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ACP urges adults to get screened starting at age 50
Even though the effectiveness of colorectal cancer screening in reducing deaths is supported by the available evidence, only about 60 percent of American adults aged 50 and older get screened. ACP has released a new guidance statement for colorectal cancer screening recommending that physicians perform an individualized risk assessment for colorectal cancer in all adults. For adults at average risk, physicians should screen for colorectal cancer starting at age 50. For adults at high risk (strong family history, personal history, inflammatory bowel disease) screening should begin 40, or 10 years younger than the age at which the youngest affected relative was diagnosed with colorectal cancer. ACP recommends screening with a stool-based test, flexible sigmoidoscopy, or colonoscopy for average risk adults. Patients at high risk should be screened using colonoscopy. Physicians should select the test based on the benefits and harms of screening tests, availability of the screening test, and patient preferences. The guidance statement does not recommend continued screening for colorectal cancer in adults over the age of 75 or in adults with a life expectancy of less than 10 years because the potential harms of screening outweigh the potential benefits. While colonoscopy is generally regarded as the gold standard to which other screening tests are compared, the risk factors of the test include possible bleeding, perforation of the intestine, and adverse reactions as a result of preparation required for the test. The authors performed a rigorous review of available guidelines to inform the guidance statement.
Mortality rates, not survival rates, determine the success of a screening tool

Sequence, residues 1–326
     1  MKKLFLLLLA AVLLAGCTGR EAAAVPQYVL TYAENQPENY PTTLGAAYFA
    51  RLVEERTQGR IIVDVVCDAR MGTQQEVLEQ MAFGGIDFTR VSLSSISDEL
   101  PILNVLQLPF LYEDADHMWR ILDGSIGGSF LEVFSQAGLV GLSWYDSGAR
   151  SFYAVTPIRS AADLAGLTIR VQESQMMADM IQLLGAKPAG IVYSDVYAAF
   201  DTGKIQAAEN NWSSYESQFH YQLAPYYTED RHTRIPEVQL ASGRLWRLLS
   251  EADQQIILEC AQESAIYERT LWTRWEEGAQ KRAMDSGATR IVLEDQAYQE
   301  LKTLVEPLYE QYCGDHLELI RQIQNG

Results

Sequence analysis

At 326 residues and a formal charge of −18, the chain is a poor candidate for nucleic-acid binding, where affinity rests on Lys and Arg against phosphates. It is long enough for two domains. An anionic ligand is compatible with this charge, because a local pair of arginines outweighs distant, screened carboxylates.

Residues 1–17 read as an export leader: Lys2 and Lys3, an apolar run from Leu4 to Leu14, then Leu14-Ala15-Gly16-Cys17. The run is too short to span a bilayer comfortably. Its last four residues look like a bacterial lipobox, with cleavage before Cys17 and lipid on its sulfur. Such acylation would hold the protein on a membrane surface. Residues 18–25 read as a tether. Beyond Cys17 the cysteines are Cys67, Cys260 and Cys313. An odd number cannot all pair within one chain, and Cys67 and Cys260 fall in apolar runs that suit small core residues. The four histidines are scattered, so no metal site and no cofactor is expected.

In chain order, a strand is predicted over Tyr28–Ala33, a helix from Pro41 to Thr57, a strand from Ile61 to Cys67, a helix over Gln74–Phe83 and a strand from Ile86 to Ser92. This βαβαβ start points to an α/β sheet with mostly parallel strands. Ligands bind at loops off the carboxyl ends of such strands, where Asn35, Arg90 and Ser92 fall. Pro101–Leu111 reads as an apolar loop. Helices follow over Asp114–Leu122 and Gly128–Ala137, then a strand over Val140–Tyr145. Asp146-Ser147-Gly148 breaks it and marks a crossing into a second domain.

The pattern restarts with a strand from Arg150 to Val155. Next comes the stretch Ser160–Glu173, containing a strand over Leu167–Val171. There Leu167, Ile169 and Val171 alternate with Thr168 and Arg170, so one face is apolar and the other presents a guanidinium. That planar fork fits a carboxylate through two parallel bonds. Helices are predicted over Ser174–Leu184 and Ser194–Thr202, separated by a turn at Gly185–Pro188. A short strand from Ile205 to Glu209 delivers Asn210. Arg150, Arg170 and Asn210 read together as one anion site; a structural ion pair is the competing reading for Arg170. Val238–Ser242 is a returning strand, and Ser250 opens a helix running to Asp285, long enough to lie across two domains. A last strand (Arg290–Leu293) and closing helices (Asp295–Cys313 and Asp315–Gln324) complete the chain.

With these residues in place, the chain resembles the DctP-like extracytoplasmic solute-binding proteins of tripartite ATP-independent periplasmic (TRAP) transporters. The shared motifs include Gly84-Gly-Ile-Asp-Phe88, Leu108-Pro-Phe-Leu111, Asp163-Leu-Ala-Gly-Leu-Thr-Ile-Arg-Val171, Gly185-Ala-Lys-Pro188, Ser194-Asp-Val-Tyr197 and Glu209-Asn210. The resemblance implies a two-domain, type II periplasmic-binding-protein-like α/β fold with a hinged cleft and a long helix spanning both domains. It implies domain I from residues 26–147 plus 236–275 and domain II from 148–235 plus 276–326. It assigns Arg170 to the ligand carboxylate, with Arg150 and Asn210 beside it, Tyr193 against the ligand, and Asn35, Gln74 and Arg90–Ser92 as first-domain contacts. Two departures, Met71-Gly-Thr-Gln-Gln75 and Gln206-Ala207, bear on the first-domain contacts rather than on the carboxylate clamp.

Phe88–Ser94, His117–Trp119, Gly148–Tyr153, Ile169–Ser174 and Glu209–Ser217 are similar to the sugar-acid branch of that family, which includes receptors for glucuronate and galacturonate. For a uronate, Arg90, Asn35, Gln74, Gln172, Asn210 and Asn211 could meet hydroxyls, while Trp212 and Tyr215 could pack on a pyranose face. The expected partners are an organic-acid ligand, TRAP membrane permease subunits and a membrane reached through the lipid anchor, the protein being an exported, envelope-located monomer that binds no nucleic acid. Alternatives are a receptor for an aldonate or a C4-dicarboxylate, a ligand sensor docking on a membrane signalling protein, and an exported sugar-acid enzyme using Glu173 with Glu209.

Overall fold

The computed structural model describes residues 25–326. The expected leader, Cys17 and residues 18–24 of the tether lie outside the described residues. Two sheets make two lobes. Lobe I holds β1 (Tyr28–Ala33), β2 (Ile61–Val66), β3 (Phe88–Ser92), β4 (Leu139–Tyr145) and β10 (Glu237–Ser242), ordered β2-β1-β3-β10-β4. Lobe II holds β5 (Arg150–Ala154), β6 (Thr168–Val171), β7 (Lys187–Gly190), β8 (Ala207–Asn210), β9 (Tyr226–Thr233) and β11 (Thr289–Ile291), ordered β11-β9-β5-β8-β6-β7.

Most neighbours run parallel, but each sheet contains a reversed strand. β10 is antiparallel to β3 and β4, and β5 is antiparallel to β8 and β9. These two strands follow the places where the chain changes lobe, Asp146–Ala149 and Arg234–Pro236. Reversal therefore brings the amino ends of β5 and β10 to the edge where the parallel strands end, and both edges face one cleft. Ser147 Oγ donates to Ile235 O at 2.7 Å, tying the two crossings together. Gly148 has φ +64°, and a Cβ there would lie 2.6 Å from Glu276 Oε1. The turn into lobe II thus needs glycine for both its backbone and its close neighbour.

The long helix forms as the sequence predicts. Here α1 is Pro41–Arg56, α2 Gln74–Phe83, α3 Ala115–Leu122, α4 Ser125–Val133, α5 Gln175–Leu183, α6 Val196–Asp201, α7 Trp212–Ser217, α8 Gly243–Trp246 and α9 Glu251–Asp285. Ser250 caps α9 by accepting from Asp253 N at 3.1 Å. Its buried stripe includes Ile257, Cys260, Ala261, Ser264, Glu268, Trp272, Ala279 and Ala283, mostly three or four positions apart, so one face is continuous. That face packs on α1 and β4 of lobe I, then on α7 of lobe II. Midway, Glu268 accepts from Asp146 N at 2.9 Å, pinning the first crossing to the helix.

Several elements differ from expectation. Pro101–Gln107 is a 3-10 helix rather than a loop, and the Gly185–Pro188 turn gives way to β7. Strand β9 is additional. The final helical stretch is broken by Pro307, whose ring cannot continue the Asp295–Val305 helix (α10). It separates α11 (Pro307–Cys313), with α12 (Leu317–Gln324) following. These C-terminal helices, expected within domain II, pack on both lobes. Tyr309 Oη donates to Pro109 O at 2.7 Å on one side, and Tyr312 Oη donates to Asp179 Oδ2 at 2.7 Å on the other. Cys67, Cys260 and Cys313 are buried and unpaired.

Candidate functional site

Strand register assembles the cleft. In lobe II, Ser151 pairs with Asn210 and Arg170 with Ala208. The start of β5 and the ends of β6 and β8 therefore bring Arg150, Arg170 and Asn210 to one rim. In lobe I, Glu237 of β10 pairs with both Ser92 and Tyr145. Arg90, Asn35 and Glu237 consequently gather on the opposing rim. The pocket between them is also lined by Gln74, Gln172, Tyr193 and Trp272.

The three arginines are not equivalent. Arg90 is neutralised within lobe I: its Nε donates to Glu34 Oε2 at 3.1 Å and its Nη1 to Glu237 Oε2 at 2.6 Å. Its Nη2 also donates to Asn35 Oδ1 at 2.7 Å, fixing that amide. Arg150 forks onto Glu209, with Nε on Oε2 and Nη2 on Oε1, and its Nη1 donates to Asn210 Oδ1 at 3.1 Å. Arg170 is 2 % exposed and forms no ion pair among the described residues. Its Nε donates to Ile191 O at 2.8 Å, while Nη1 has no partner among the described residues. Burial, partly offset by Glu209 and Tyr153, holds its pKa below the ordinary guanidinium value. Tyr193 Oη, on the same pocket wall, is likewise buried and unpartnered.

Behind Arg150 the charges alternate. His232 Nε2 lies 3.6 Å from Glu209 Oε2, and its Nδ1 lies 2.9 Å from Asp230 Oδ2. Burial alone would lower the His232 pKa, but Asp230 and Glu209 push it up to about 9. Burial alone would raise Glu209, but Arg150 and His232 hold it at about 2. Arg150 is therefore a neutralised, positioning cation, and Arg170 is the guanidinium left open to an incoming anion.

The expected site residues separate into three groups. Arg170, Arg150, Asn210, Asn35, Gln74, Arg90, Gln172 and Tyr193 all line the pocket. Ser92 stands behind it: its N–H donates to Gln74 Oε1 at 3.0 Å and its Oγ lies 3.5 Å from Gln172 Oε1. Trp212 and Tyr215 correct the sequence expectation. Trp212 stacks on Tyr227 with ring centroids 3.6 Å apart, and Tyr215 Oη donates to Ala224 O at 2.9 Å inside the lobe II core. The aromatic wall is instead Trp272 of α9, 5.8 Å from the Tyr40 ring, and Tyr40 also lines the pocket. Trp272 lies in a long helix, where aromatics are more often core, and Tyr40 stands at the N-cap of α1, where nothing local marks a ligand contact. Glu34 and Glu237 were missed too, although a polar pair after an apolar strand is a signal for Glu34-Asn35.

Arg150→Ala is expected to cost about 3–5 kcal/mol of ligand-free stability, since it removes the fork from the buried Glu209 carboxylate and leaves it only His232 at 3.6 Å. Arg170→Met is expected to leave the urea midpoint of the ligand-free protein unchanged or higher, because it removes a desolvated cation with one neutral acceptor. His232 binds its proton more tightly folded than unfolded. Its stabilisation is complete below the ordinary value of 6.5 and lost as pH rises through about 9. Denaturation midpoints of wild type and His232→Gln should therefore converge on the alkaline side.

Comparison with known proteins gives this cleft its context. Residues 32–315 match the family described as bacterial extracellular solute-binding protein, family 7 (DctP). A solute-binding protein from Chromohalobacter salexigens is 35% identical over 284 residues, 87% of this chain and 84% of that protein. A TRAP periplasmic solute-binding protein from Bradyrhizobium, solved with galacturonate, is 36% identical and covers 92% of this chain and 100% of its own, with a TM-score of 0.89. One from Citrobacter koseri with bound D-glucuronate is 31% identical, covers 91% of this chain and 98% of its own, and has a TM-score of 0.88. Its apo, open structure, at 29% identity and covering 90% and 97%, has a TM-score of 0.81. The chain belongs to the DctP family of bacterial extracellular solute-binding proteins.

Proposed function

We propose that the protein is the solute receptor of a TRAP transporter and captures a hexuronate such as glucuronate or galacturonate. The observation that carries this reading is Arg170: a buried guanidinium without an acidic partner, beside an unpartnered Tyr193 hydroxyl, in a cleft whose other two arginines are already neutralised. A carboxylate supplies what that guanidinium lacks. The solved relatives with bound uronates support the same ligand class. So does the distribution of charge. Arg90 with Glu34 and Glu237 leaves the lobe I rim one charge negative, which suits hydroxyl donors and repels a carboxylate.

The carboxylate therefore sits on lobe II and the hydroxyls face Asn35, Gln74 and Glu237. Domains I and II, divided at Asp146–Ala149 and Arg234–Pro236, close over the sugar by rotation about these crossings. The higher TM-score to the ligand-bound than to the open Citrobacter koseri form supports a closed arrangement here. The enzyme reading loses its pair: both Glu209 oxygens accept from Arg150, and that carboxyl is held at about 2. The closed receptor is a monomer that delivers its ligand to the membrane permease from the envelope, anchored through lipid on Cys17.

Cancer screening statistics are usually communicated in the form of improved survival rates. But these data can be misleading, as they are susceptible to lead-time and overdiagnosis biases. For example, a lead-time bias occurs when a group of 67-year-old patients are diagnosed with cancer and die at 70. Their five-year survival rate would be zero percent. If those same patients were screened at age 60, but still died at 70, their five-year survival rate would increase to 100 percent. Nothing changed about who died when, but those screened simply lived longer with a cancer diagnosis. Overdiagnosis similarly skews the data because screening can detect cases of cancer that would never become clinically important during a patient’s lifetime, thus falsely inflating survival statistics. The only reliable evidence that screening saves lives comes from trials that compare cancer death rates (mortality) in groups of people randomly assigned to screening or no screening. Mortality statistics are not affected by lead-time or overdiagnosis biases. But a national survey of 412 primary care physicians suggest that doctors do not understand which statistics provide evidence about whether screening saves lives. Researchers found that physicians were more enthusiastic about a screening test supported by irrelevant evidence (survival rates) than tests supported by relevant evidence (reduced mortality). When presented with irrelevant evidence, 69 percent of physicians recommended the test compared with 23 percent when presented with relevant evidence. Even a note explaining the biases did not change the physicians’ answers. The researchers and an editorialist, Dr. Virginia Moyer, Chair of the US Preventive services Task Force, conclude that this study shows that physicians need to be better educated about how to interpret studies about cancer screening tests. According to Dr. Moyer, what physicians don’t know can hurt their patients.